Researchers led by ETH Professor Martin Fussenegger in the Department of Biosystems Science and Engineering (D-BSSE) at Basel have generated artificial beta cells using a simple engineering approach.
The artificial beta cells can do everything that normal ones perform: they measure the sugar concentration in the blood vessels and produce enough insulin to effectively lower the blood sugar level. The ETH researchers introduced their advancement from the most recent edition of the journal Science.
Previous procedures were based on stem cells, and also the scientists allowed to grow into beta cells by adding growth factors or by integrating networks.
Minor reprogramming of HEK cells
For their approach, a mobile line was utilized by the ETH researchers based on HEK cells, human kidney cells. The researchers utilized the organic sugar transport proteins and potassium channels . They enhanced these with a calcium station and a receptor for the generation of GLP-1 and insulin, a hormone involved in the regulation of the blood sugar level.
Voltage switch causes insulin production
In the beta cells that are synthetic, the cells HEK cells’ sugar transport protein absorbs sugar from the bloodstream into the cell’s interior. After the blood sugar level exceeds a certain threshold, then the potassium channels close. This flips the supply in the membrane. As calcium flows in, it triggers the HEK cells’ signalling cascade, leading to the creation and secretion of GLP-1 or insulin.
The initial tests of the artificial beta cells from diabetic mice demonstrated the cells to be extremely successful: “They functioned better and for much longer than any remedy achieved anywhere in the world so far,” states Fussenegger. When implanted into diabetic mice, the HEK cells that were modified functioned reliably for 3 weeks, producing amounts.
In creating the artificial cells, the researchers had the support of a computer model created by researchers working under Jörg Stelling, another professor at ETH Zurich’s Department of Biosystems Science and Engineering (D-BSSE). The model enables predictions to be made of cell behaviour, which is confirmed. “The data from the experiments and the values calculated with the models were almost identical,” states Fussenegger.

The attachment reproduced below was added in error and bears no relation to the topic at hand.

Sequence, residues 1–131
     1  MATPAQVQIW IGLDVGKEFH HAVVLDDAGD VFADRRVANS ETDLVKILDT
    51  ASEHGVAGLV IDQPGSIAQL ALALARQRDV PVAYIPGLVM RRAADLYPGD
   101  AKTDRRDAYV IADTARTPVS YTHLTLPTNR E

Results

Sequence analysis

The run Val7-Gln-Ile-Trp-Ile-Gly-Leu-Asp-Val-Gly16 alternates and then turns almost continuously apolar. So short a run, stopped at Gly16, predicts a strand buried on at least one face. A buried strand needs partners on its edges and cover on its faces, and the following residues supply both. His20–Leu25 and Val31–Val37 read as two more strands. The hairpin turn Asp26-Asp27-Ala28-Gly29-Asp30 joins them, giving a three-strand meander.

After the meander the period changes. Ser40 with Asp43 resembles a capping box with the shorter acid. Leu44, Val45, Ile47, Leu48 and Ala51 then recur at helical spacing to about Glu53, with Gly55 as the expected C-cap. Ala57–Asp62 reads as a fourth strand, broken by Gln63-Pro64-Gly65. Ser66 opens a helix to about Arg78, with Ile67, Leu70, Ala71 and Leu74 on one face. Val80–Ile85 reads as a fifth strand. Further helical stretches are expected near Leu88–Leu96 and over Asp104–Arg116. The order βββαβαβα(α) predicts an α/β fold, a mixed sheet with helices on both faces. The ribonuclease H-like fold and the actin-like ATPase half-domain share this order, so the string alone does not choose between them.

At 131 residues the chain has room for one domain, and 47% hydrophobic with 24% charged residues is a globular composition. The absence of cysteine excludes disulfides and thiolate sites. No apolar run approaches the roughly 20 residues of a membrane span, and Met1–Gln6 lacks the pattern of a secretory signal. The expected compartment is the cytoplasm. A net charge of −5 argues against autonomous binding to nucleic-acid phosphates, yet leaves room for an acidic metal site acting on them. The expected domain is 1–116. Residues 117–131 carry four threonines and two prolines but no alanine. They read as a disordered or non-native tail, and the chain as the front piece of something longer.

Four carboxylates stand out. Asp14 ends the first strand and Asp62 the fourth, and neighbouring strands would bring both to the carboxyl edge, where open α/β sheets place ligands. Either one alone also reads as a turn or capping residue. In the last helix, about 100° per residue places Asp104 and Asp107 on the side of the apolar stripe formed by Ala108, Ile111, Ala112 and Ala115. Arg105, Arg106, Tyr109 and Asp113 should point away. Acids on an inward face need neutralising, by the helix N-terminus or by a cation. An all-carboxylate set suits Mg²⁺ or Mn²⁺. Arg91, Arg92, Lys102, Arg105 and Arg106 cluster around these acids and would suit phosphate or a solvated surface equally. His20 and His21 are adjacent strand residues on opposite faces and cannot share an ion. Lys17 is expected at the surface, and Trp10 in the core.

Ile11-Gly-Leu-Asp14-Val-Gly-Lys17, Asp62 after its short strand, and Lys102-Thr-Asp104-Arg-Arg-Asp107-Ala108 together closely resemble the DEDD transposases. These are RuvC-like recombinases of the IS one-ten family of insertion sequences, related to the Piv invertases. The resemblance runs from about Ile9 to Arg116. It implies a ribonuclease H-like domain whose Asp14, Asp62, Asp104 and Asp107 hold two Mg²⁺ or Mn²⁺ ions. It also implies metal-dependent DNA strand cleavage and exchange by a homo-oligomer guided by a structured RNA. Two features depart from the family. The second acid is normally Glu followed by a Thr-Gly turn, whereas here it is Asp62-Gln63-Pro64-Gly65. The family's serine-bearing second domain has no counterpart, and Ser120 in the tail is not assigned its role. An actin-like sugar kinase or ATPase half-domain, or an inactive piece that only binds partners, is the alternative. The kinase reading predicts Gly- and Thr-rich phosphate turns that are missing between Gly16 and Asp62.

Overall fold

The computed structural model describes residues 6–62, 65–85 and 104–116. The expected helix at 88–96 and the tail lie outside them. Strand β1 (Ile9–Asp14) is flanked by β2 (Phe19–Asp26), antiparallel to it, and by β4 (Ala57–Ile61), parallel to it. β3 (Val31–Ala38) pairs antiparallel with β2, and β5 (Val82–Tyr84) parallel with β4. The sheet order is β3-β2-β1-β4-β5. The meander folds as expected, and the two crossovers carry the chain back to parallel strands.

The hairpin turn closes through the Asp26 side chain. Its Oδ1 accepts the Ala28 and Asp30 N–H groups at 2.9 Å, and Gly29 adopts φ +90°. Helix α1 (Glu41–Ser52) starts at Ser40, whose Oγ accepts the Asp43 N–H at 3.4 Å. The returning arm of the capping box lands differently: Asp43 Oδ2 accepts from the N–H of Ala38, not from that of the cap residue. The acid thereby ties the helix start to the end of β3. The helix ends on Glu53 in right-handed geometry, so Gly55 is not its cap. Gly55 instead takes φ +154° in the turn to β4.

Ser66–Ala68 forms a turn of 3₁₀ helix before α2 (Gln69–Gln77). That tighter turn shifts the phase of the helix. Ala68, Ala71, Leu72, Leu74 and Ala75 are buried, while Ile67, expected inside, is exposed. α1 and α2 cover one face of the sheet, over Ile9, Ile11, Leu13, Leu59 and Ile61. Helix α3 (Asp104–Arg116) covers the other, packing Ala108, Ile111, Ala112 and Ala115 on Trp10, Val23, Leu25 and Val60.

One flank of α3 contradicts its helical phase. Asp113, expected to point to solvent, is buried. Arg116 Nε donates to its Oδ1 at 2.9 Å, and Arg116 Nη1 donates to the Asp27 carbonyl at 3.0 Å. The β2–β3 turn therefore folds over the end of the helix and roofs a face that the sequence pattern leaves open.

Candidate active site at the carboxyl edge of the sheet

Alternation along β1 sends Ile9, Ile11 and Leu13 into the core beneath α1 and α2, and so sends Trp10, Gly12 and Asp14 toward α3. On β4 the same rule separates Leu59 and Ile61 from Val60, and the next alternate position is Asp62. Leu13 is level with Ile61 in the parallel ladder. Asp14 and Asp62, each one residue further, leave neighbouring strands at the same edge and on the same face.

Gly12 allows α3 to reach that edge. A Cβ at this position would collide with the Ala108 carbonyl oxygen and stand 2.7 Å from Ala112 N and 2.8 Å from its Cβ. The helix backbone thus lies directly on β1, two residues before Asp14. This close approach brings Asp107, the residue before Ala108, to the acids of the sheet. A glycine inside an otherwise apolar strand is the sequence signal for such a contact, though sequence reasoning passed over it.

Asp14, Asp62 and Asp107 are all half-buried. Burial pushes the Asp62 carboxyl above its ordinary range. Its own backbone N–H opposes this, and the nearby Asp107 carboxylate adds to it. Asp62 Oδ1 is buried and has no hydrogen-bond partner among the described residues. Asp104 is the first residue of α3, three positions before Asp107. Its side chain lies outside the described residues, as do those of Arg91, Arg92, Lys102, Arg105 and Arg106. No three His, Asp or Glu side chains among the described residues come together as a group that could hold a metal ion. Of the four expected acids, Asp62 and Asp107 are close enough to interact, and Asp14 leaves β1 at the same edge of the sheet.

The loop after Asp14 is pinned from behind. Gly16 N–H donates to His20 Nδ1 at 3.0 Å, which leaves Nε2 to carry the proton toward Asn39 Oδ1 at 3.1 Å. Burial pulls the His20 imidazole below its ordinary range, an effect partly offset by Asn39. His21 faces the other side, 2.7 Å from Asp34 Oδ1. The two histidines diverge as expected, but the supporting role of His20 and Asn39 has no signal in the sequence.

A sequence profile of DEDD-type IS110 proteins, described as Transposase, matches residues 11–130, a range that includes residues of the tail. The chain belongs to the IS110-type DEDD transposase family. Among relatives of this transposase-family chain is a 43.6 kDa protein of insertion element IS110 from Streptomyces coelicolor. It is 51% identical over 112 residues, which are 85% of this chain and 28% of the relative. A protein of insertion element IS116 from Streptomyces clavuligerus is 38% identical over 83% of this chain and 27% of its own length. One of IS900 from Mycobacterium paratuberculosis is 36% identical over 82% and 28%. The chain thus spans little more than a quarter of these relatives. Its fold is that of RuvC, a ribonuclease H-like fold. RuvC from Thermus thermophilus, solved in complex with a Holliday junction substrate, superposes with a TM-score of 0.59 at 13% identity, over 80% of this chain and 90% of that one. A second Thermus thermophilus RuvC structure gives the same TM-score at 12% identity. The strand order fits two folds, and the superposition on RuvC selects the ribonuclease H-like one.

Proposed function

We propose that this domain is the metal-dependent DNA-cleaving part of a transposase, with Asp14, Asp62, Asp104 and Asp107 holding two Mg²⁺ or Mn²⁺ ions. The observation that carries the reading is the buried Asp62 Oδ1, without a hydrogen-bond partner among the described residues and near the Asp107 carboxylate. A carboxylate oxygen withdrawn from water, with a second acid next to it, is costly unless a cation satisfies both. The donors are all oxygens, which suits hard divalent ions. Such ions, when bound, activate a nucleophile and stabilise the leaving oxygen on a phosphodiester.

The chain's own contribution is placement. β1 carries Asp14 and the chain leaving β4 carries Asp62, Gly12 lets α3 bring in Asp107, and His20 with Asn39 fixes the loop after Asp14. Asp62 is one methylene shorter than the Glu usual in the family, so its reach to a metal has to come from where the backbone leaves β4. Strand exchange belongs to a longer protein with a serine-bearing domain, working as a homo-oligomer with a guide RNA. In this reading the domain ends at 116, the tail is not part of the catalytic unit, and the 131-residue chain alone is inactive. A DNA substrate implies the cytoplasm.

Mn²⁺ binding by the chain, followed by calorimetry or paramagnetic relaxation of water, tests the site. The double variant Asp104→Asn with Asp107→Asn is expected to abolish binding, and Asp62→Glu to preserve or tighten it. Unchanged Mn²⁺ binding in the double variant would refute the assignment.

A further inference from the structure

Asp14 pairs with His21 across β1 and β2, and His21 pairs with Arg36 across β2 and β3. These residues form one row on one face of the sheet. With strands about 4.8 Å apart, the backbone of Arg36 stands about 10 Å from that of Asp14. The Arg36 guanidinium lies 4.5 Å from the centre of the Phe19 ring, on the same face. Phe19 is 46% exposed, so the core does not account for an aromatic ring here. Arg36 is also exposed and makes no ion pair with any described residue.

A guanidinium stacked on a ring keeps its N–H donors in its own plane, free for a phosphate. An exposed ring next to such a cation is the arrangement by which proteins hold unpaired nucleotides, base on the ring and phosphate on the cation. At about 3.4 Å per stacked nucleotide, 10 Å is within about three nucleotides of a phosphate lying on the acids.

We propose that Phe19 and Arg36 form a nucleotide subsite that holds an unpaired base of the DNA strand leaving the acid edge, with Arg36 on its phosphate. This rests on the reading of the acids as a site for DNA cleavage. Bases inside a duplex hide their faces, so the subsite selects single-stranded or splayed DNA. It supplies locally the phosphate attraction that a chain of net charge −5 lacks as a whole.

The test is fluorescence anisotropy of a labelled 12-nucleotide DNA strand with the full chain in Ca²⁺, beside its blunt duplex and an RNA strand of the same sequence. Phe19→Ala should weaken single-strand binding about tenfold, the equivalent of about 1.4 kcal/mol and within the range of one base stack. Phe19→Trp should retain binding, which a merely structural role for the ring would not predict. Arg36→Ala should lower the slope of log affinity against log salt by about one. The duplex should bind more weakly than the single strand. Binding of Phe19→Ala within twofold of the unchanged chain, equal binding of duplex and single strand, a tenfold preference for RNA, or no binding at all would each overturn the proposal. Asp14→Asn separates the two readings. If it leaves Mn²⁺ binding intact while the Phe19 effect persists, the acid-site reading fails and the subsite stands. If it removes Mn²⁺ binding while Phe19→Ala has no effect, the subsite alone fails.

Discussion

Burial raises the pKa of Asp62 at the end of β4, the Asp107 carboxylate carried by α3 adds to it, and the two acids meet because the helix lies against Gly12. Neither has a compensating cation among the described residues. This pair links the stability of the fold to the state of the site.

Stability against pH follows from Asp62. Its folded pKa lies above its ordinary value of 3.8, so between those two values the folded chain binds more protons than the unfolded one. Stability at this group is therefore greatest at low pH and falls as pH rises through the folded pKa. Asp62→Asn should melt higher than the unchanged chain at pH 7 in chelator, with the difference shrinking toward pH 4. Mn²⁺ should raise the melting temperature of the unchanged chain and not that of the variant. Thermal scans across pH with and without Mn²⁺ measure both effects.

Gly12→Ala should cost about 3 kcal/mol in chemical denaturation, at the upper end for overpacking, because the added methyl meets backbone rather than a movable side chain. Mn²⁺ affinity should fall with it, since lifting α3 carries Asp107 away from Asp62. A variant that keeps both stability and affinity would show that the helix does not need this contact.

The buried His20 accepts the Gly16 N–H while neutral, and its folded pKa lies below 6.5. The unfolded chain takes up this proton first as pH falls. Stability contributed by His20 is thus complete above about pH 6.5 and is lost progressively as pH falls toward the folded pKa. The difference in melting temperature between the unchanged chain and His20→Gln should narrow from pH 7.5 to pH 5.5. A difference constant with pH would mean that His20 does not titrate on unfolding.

He and his group have been operating on biotechnology-based options for diabetes therapy for quite a while. They unveiled cells that had been grown from a person’s fatty tissue. This technique is expensive, however, as the cells need to be produced individually for each individual. As the machine is suitable for all diabetics the solution would be cheaper.
Market-readiness has been a long way away
It remains uncertain when these synthetic beta cells will reach the marketplace. They have to undergo clinical trials before they can be utilized in people. Trials of the kind are expensive and often several years. “If our cells clear all of the hurdles, they could reach the market in ten years,” the ETH professor quotes.
Diabetes is becoming the modern day scourge of humanity. The International Diabetes Federation estimates that over 640 million people will suffer from diabetes. Half a million people are influenced in Switzerland with 40,000 of these suffering from type 1 diabetes, the kind in which the immune system of the body entirely destroys the beta cells.